Kin keeps social media mavens in the loop
It seems more teens and tweens are carrying phones these days, and not just your run-of-the-mill phones. They have texting phones, Smartphones and phones that carry all of their music. Those phones might have more memory than your first computer, but they are far more powerful. Now, with mobile Internet and social media application on the handheld devices, parents are looking for a way to maintain control and check in on what their children are doing. If that’s what you are looking for Verizon Wireless and Sharp have the phone for you.
Introducing the Kin.
I was giving one to review and let’s just say, if my little ones were old enough for cell phones this is the one I would buy. With the Studio, an online application that allows phone users or parents to login and view phone activity, parents can see everything from all of the text messages sent to the social media message the phone users leaves and receives. The phone keeps the user connected to their social media circle and parents the peace of mind to let their child use a phone with such features.
Let’s get physical
When I say this phone can fit into the palm of your hand, I’m not kidding. When closed up, the Kin One (the phone I reviewed) is tiny. The keyboard slides back up behind it, but the touch screen front is still accessible for quickly browsing your social media circle, updates from your favorites and reading e-mail or RSS feeds. The touch screen is easy to use and not overly sensitive. There is also a back button that helps with navigation of the phone.
The screen is small, but it works for this phone. It gives you enough real estate to view your feeds and e-mail. It comfortable for making calls and the key pad is a good size for texting and e-mailing. The phone is mostly black and qhite with green accents that give it a very modern look.
Now, I have the purse test: how well does it stand up to life in my purse. This one faired perfectly, which is probably good since it’s geared toward a generation on the go. It is small though and in the depths of my purse, sometimes I had to do a little hunting.
Unlike most phones I use, I didn’t notice this one getting overly warm with use. This could be because the screen is smaller and not generating a ton of heat. I didn’t carry on a long conversation to see how it felt on my face, but using it to browse my social media contacts didn’t make it feel hot to the touch.
This is a Windows-based phone that offers the ability to monitor social media sites like Facebook, MySpace and Twitter, as well as RSS feeds and e-mail, but it isn’t overly app heavy. There isn’t a marketplace of apps like there is with an Android phone or an iPhone. You get what it comes with. But for someone looking for something in between a texting phone and an Android phone, this is the phone for you.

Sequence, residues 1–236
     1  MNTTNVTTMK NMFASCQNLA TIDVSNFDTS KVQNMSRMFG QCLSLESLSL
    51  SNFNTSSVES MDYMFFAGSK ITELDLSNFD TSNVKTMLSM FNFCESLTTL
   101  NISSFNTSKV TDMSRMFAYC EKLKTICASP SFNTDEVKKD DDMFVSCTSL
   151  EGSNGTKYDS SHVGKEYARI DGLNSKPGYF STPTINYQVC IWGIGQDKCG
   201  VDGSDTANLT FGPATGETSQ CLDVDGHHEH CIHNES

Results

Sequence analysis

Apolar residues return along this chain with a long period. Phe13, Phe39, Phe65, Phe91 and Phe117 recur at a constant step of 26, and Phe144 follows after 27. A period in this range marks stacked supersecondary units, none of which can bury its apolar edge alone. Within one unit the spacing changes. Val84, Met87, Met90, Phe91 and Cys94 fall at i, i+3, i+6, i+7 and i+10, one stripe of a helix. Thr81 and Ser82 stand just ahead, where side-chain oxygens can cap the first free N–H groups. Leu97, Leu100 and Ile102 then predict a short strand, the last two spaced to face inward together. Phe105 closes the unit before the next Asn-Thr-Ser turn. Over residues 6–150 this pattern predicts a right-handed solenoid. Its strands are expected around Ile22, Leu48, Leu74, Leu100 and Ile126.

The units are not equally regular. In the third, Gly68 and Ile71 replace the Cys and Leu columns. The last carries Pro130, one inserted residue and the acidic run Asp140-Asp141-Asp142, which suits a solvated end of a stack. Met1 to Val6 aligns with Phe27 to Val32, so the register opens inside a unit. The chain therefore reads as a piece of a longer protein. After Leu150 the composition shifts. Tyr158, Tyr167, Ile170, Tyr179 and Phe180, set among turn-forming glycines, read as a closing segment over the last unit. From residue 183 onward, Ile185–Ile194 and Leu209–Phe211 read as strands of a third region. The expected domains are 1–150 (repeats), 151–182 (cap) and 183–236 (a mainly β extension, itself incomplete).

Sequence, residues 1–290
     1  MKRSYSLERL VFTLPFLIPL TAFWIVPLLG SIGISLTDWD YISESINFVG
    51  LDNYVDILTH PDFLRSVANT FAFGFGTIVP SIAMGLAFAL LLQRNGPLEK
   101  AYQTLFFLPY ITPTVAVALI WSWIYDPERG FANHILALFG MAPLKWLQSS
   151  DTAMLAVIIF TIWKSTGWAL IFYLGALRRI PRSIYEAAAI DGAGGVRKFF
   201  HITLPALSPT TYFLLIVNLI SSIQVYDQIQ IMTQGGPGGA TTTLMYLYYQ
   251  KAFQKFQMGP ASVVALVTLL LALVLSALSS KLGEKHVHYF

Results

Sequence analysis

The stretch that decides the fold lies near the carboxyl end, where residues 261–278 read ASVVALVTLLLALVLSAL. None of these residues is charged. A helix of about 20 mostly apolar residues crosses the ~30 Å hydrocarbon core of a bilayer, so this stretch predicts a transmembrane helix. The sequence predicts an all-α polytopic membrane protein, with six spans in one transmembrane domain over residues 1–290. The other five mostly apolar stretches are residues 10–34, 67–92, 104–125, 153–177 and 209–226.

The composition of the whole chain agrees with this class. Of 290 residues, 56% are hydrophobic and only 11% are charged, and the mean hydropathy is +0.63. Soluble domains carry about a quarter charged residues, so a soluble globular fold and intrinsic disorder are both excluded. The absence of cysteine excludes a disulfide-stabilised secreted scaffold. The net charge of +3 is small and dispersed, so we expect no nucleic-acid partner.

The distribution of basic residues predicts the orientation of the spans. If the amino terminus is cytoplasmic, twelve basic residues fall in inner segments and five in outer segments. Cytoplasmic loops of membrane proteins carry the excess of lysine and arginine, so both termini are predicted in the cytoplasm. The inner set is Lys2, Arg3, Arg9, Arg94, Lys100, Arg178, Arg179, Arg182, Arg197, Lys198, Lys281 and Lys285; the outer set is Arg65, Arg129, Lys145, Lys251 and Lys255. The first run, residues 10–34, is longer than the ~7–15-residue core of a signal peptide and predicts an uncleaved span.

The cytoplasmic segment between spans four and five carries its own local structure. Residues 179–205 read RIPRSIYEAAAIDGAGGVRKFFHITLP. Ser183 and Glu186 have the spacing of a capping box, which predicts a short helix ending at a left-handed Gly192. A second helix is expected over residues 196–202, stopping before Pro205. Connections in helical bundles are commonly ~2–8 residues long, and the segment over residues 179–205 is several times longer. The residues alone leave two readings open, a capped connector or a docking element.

Once you sign in for the first time, the phone automatically pulls Facebook and Twitter feeds to the phone. Users can mark favorites and check in on their status updates and easily share information. Using the Spot, users can drag updates and easily share them via message, e-mail, Facebook or Twitter.
For heavy Twitter users, this phone does lack the ability to reply to tweets and retweet. This was a little annoying to me as I default to Twitter and let it update my Facebook status. However, after following @Kin on Twitter, I have a feeling the ability could be coming in the near future.
Also, you are able to use Zune Music to download songs to the phone. There is a two-week free trial when you sign up for Zune. The phone also features a radio tuner, which I actually used more than I thought I would.
As I mentioned above, the one thing the Kin has that I could not get over was the Studio. Using a Windows Live ID (which took mere minutes to set up), I could log into a website and see every message I sent, every reply I received, the photos I took and share and even my feeds. While this made it convenient to review my phone activity, I could also see how this would be useful to a parent with a younger kid just branching out into a social media-enabled cell phone. By having the Windows Live ID, parents can login and check at any time and know they were seeing what their children are doing.
There seemed to be about a 15 minute refresh rate from the time I performed an activity until it posted online.
It was safe, secure and would really provide me with a sense of security as a parent.
The web is not exactly the web
While there is a mobile web function on this phone, it’s not exactly what you would see if you had a Droid or iPhone that has intensive web browsing. The screen is smaller so web pages are smaller and the zoom feature made it difficult to navigate the web pages I did pull up. However, using RSS feeds, I was able to plug in my favorite blogs and get updates that way.
For those who like the techy specs, here is what this tiny phone has to offer:
- Windows Phone OS for Kin
- Support for Exchange Mail and POP3/IMAP
- 4 GB storage (although it does not have an expandable memory option)
- 40 Rintones
- Wi-fi Capable
- Dual Band
- 340 minutes of talk time or 240 hours of standby time on the battery
- Over-the-air updates
The Kin is priced at $129 with a two-year contract through Verizon Wireless. Right now there is a $100 online discount making the phone $29.99 and they are also currently by one, get one free.
I was provided a Kin for review by Verizon Wireless but the views written here are my own.